How University of Phoenix and zyBooks Used Interactive Teaching to Lower Math Attrition and Improve Learning and Retention

Math can be difficult to learn, and it can be even harder to teach. For far too long, issues with the way math is taught in schools and universities have led to significant attrition rates and poor math performance, particularly in higher education. While an understanding of the many new discoveries made in the field of mathematics can open new career opportunities for professionals and can be sources of new learning for students and researchers, imparting this body of knowledge to learners is easier said than done.

To address this issue, the University of Phoenix – in conjunction with zyBooks – experimented with delivering math courses using a new, innovative approach combining online learning with interactive material, real-time feedback, and helpful assessments. These approaches led to measurably lower attrition rates amongst students.

The University of Phoenix strives to help working adults prepare for and excel in the workplace with industry-relevant learning that has real-world applications. With flexible schedules, rich course offerings, and access to state-of-the-art resources and services, University of Phoenix students can learn what they need to learn to achieve their personal, academic, and professional goals.

Math attrition rates, however, have always been a serious issue. This is why the University of Phoenix leadership worked to rethink math education and why its alliance with zyBooks has been so groundbreaking.

zyBooks creates STEM material that is native to the web. This content has less text and provides students with more hands-on learning opportunities. Using question sets, animations, interactive tools, and embedded homework, students can learn by doing, a learning methodology that has long been known to be more effective than rote repetition. The zyBooks platform helps educators author and deliver teaching material and makes it easier for both the student and instructor to participate.

University of Phoenix and zyBooks presented the outcomes of their online math instruction project at the 2021 Online Learning Consortium Conference, which was held virtually in March 2021. The presentation focused on how the University’s redesigned approach to math education significantly reduced student attrition.

Dr. Jacquelyn Kelly, Ph.D., Associate Dean at the College of General Studies at the University of Phoenix, and Dr. Alex Edgcomb Ph.D., Senior Software Engineer at zyBooks, discussed the results of the project in the light of their recent research paper that reviews efforts to reduce math course attrition rates through a multi-modality approach. You can read more about the study here: Theory to Practice: Closing the Gap in Undergraduate Math to Reduce Student Attrition.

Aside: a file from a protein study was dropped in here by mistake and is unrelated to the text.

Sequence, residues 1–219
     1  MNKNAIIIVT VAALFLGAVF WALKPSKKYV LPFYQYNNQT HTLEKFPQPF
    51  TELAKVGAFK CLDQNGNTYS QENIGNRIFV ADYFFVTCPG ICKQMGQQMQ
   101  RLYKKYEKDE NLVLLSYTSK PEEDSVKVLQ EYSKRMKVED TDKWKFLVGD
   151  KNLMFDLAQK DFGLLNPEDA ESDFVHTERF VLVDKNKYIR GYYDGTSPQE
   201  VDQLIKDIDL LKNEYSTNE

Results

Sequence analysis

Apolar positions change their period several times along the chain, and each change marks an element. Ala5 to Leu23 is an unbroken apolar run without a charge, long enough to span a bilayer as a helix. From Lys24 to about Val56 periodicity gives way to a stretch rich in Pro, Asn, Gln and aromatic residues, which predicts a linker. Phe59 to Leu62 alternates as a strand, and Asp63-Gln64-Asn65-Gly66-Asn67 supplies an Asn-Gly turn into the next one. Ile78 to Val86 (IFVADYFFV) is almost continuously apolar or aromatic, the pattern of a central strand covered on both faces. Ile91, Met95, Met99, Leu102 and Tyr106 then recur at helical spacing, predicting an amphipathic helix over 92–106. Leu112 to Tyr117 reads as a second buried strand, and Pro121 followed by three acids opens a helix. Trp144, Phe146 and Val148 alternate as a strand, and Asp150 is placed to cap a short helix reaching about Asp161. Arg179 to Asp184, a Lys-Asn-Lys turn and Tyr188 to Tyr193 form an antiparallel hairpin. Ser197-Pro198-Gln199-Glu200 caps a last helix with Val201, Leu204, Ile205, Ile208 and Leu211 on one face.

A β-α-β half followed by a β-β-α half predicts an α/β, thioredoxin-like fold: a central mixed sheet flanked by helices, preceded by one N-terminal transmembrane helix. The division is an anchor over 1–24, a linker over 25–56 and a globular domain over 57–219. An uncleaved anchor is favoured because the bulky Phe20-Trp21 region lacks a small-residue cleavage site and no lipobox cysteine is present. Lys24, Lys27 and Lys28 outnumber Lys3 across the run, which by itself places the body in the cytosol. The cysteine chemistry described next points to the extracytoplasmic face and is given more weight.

The idea behind the project is simple yet profound: by making math more interactive, student engagement increases. If you allow students to work at their own pace, self-select topics they are comfortable with, improve their engagement levels, and help them work their way through their coursework using helpful visual aids, questionnaires, timely feedback, and access to teachers and assistive material, you can promote a greater understanding of the material being taught as well as improve retention rates, both of which can lead to lower attrition and dropout or failure rates.

Animations, interactivity, real-time responses, visual aids, and other techniques to impart knowledge are heavily used in K-12 teaching. Why these methods have not caught on in higher education warrants investigation. Undergraduate students have struggled for decades with general math classes. This has led to high attrition rates, lower student confidence, and lower student preparedness for STEM careers. As an education pioneer, the University of Phoenix tackled the issue head-on with positive results. An important byproduct of the University’s work in math education is the workable blueprint it develops for other institutions to model in an effort to support students, improve math retention and reduce attrition.

Interactive teaching models based on student strengths can improve student confidence and help them understand how math has everyday applications in their lives. The vastly improved course design implemented by the University of Phoenix and zyBooks generated better student reactions when it came to learning math.

The Online Learning Consortium (OLC) is committed to building inclusive communities, learning environments, and supporting experiences by creating equitable spaces where academics, practitioners, students, and staff can work together. The Innovate 2021 conference was fully virtual and aimed to challenge teaching and learning paradigms while reimagining learning experiences. With the research presented by the University of Phoenix and zyBooks during the conference, other educational institutions may learn that disruptions in education today can positively shape classroom innovations tomorrow.

About University of Phoenix

Since it was founded in 1976, the University of Phoenix has focused on imparting industry-relevant teaching and training to busy, working professionals. With a deep understanding of industry needs and the issues facing today’s working adults, the University of Phoenix has rich course offerings, flexible scheduling, and extensive student support networks that can help students achieve personal and professional goals.

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